Ever wonder what is really behind this thing we call “identity?” Well, it’s one of those words that attract a variety of meanings, ranging from a company’s name and logo to its business definition, to its image in the market place, to its values.
In his article titled, ‘Measuring The Strength Of Brand Identity,’ Derrick Daye explains that it doesn’t matter what business you’re in; if you’re going to successfully re-shape your brand, you need to start by knowing who you are.
“This imperative isn’t just a nice-to-have; it’s a must-have, which we discovered recently through a research study, the Identity Impact Survey that quantitatively demonstrates the impact of identity strength, organizational and individual, one employee engagement and business performance.The key findings of the survey, which included nearly 2,000 participants across five diverse companies and industries, were dramatic,” reads the article in part.
He adds that increases in identity strength translate into predictable increases in revenue and other economic benefits.
“Organizational identity strength is more influential than individual identity strength in driving employee engagement and business performance. Their combined effect, however, is greater than either one alone.”
With this information at the back of their minds presumably, Barclays Africa Group has vowed that the group would continue to invest as it had done since 2013, despite the sell-down by Barclays Plc.
This announcement was made by Barclays Africa CEO Maria Ramos recently arguing that management still had ambitions to build a big pan-African bank.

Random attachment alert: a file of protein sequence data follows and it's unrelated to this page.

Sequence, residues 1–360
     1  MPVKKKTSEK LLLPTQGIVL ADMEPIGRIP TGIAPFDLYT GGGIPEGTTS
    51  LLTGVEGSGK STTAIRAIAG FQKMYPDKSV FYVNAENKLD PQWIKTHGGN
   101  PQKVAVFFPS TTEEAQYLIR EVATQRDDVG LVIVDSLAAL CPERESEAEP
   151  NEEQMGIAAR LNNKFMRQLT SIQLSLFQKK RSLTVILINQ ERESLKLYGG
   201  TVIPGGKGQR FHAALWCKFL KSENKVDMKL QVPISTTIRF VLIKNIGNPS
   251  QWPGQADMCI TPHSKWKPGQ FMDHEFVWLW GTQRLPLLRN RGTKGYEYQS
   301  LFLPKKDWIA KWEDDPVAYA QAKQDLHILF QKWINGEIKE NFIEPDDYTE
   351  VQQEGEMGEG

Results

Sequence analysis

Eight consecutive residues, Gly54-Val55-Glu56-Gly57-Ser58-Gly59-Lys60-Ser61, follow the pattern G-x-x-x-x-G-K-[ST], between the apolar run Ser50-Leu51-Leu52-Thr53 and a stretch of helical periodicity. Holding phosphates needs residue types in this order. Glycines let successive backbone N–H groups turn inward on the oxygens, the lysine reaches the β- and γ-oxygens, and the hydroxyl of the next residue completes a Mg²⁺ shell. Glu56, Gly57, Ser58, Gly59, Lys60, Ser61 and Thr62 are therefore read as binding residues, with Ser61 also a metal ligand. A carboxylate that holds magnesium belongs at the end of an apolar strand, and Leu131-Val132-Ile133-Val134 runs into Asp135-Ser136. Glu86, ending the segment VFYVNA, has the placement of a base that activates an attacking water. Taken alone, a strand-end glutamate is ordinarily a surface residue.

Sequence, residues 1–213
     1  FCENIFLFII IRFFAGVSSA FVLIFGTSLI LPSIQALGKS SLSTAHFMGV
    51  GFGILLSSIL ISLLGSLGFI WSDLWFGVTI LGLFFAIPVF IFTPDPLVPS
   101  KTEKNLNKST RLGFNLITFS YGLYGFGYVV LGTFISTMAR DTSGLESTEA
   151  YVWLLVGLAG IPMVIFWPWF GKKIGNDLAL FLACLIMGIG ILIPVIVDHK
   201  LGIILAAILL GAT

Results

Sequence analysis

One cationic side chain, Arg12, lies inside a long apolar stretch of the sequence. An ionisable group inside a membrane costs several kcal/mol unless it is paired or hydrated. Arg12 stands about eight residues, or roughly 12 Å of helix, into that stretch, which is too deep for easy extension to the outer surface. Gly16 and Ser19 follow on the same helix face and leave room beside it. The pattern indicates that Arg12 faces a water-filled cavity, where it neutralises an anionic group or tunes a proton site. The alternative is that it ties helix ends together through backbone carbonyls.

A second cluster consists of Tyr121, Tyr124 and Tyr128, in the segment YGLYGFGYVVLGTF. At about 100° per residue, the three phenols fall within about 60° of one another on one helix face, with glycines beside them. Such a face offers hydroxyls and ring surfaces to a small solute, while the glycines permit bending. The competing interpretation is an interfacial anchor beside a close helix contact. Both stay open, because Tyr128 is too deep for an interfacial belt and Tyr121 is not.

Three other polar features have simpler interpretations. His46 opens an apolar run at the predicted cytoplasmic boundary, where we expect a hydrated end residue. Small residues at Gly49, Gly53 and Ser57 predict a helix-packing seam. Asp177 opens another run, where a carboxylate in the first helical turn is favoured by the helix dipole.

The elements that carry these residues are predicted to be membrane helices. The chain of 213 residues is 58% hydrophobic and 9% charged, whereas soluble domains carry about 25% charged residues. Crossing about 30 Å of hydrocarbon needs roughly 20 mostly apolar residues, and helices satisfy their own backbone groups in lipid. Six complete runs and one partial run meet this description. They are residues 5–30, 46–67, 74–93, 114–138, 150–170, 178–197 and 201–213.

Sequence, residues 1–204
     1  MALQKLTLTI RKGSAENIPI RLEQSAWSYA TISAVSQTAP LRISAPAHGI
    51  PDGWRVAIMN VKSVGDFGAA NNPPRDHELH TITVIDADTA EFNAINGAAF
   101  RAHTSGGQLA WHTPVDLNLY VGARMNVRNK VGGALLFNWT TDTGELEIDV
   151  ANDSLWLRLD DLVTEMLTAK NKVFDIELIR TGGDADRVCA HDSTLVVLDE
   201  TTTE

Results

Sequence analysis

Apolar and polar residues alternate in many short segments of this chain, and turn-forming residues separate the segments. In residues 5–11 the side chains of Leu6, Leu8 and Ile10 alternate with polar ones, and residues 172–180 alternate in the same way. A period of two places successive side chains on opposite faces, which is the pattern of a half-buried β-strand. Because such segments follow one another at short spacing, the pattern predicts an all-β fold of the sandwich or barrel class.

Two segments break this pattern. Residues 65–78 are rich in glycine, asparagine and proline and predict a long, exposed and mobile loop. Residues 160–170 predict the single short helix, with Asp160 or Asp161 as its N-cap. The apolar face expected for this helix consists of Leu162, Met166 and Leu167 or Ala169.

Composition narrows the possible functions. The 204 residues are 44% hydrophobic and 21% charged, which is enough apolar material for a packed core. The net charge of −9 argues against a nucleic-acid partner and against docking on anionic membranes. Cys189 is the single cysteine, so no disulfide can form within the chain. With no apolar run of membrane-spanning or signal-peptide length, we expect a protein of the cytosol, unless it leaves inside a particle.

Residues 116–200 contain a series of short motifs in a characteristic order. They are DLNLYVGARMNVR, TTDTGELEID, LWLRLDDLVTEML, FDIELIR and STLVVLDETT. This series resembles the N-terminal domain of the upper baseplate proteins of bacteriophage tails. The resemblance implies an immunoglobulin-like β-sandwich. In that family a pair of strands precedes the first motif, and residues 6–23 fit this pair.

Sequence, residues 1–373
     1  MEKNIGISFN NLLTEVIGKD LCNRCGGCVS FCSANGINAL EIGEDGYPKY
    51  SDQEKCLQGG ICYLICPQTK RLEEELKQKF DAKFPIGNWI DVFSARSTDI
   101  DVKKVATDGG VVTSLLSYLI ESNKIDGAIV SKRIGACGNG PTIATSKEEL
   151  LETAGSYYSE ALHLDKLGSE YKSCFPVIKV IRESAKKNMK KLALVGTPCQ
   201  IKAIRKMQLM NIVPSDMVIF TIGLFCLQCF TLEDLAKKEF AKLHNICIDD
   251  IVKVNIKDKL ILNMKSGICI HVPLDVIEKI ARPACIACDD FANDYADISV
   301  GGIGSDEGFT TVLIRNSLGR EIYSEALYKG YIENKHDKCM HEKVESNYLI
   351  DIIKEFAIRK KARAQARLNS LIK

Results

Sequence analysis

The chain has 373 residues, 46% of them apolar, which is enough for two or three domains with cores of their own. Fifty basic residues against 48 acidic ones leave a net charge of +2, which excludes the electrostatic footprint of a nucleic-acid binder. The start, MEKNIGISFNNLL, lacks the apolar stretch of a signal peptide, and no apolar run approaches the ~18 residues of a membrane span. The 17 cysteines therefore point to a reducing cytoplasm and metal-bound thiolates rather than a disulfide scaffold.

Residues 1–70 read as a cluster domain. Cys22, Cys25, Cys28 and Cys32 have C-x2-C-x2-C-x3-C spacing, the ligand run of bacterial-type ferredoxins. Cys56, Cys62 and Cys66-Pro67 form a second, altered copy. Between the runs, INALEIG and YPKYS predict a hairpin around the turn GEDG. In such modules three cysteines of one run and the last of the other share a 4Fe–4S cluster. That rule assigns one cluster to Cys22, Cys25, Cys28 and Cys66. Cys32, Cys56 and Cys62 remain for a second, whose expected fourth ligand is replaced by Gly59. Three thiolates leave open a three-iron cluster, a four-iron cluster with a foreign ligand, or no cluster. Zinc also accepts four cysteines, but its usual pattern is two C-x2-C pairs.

In light of this, it appears that Barclays Africa Group may actually continue to trade under the Barclays’ name in Africa. Recent media reports seem to confirm that the African arm of the bank could indeed retain its name despite the exit of its London-based parent company.
The Daily Nation quotes Jeremy Awori, Barclays Bank Kenya Chief Executive as saying that the African arm of the bank will negotiate to retain the name in the upcoming divestment by the bank so as to, “to maintain the goodwill the name has created.”
“With the planned deconsolidation it (Barclays Plc) did not say it would conclusively rid of the brand. It depends on who they sell to, and that is not known now,” Awori is quoted by the newspaper.
He added that the change in name in the two to three year period leading to its sell was not possible since it was legally protected.
Awori disclosed that there was a licensing agreement between Barclays Africa and its parent bank that bars them from dispensing of the brand before the sale is completed.
The name change is one of the bank’s key issues under discussion before and after its sale.
Barclays Plc owns 62.3 percent of Barclays Africa Group and confirmed it plans to sell down its stake in the Africa unit to below 20 percent in the next two to three years.
The bank recently detailed how its complex sell-down plan would pan out and has hired JP Morgan and Citi to help with the sale-off and also have to provide ‘exit assistance’ to its African business forum to three years after the deal is done.
Barclays Africa Group Limited is one of the largest banks by customer numbers on the continent and is partly owned by South Africa’s Absa.
It is one of the biggest name brands on the continent and experts consider it the major reason the bank has stated its desire to retain the name.
At least seven international and local financial institutions are interested in buying a stake in the bank, either in part or as a whole.